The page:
I've gotten to meet some folks that have AS, and that has been just an absolute treat for me to get more familiar with people in a setting other than just a computer like this. So if you have support groups in your area, or you have somebody that lives relatively close, contact them, get together and have lunch, get together at each other's house, if you can't afford to go out and do lunch, and just have that connection with somebody else. Even if its just picking up a phone.
Another thing I'd like to do on this is Ankylosing Spondylitis can in some cases lead to your desire to or your need to put in for disability. Maybe we can get some folks on to talk about the disability process. I for one am disabled, it took place this year 2018. And I did the whole Social Security process myself SSDI and was approved on the first go around, but that doesn't mean you will be. You've got to have a lot of information there. So maybe we'll have some folks on to talk about that and what you can expect and how it works. And really, that's the rest of this show. I want your guys’ help to put it together. How do we put it together? What information do you want to hear about who should I contact? I'd like to have somebody from the spondylitis Association of America to talk about as juvenile spawn to arthritis. You know, all of the different items. You know, again, different people that are dealing with it, whether you be in Canada, whether you be in England, whether it be in Australia, you know, Germany, wherever, if we can get on the podcast, I want to interview you and talk with your you about your progress through this disease.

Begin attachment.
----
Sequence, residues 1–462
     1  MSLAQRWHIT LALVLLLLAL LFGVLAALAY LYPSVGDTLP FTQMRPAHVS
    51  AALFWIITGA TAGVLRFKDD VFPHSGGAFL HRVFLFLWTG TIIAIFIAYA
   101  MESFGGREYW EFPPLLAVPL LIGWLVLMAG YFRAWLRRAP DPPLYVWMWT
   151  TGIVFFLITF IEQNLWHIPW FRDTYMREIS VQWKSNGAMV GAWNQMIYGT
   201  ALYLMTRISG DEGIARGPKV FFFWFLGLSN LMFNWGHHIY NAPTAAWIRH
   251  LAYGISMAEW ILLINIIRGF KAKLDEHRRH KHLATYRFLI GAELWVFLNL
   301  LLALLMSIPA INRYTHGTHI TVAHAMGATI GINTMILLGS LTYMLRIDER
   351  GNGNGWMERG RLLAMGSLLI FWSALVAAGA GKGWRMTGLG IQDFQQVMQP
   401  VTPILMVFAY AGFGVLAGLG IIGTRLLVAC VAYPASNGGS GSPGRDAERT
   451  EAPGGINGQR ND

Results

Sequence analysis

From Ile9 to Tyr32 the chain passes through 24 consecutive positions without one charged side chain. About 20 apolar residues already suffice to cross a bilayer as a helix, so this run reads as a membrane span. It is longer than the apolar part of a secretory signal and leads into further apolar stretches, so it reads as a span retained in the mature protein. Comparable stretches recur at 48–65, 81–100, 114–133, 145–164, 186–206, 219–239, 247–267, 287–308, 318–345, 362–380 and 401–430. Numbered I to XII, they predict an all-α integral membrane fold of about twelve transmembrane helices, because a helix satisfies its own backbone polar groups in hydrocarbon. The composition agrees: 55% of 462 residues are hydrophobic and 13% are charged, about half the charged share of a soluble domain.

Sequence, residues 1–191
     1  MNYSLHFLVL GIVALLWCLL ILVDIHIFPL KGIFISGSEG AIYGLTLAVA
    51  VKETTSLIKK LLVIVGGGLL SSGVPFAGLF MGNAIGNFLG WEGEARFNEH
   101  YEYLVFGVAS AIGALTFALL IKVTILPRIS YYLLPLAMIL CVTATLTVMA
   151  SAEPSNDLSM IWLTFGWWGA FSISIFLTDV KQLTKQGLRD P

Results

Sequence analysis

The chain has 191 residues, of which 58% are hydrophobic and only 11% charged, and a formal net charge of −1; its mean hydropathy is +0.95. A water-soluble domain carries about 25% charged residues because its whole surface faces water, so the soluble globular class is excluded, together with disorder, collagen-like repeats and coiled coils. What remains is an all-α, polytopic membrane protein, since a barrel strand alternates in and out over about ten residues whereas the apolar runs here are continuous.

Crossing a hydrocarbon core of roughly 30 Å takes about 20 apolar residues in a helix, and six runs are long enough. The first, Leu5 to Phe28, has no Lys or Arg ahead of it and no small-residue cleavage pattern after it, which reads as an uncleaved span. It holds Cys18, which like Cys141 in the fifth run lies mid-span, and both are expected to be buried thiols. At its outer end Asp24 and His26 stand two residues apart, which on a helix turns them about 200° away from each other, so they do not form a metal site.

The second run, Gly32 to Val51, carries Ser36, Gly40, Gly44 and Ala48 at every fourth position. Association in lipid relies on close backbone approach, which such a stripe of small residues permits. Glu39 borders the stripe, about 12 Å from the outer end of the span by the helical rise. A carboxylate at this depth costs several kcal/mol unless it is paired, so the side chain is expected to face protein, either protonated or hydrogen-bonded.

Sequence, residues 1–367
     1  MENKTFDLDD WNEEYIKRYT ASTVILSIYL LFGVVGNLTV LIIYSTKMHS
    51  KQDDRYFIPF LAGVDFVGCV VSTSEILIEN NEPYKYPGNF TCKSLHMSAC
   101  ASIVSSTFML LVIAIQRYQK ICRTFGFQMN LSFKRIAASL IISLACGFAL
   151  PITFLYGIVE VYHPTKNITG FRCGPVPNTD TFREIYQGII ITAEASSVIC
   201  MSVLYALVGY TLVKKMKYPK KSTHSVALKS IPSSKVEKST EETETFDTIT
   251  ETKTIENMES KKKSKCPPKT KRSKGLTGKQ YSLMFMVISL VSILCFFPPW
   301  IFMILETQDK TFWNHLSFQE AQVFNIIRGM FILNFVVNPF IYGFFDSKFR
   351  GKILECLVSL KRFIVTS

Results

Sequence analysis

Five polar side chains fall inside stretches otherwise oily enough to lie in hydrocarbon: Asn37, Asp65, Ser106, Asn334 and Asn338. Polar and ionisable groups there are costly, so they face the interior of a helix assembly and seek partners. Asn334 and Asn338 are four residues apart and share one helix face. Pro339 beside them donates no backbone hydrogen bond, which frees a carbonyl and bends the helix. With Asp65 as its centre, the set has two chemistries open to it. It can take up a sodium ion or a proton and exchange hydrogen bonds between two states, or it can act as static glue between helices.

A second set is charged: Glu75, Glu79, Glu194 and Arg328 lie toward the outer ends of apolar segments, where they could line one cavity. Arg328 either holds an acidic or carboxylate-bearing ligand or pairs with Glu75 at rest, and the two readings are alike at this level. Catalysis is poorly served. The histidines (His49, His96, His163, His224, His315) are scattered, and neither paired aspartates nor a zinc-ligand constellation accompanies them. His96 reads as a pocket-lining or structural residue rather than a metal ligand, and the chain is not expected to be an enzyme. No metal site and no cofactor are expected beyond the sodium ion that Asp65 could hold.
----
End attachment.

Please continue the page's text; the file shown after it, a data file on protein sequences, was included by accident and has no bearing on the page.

So thank you very much. I really appreciate it. The time that you took to listen to this, I know it's short. It's not going to be anything intrusive or very long, at least this episode.
So if you like that song at the beginning as well, that is a band from back in the late 80s called The Toll and their songs will longer are fantastic. And I thank Greg Bertram for allowing me, to use their music So anyway, I really thank you for your time. Look forward to this in the future and watch for the future episodes coming out. Thanks and have a great day.